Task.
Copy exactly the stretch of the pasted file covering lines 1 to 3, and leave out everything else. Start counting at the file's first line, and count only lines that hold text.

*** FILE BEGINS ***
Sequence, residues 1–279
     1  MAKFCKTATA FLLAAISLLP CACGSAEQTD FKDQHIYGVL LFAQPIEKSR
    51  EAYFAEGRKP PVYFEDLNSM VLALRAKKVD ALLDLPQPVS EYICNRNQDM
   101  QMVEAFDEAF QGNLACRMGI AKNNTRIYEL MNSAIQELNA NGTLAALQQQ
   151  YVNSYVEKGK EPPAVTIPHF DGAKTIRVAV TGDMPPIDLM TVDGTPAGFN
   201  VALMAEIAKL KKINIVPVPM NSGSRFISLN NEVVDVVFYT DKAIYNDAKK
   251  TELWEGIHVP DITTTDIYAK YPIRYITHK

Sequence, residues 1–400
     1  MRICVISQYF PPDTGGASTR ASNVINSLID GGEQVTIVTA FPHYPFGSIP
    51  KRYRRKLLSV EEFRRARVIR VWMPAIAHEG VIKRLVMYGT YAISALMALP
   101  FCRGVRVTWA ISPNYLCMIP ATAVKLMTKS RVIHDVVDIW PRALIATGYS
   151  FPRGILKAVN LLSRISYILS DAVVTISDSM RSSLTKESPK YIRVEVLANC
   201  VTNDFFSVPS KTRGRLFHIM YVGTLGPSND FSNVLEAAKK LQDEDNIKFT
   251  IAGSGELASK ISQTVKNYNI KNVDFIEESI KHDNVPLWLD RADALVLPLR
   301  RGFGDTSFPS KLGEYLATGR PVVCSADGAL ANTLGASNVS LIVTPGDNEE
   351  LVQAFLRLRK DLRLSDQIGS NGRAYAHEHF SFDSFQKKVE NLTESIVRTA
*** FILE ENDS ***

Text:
Sequence, residues 1–279
     1  MAKFCKTATA FLLAAISLLP CACGSAEQTD FKDQHIYGVL LFAQPIEKSR
    51  EAYFAEGRKP PVYFEDLNSM VLALRAKKVD ALLDLPQPVS EYICNRNQDM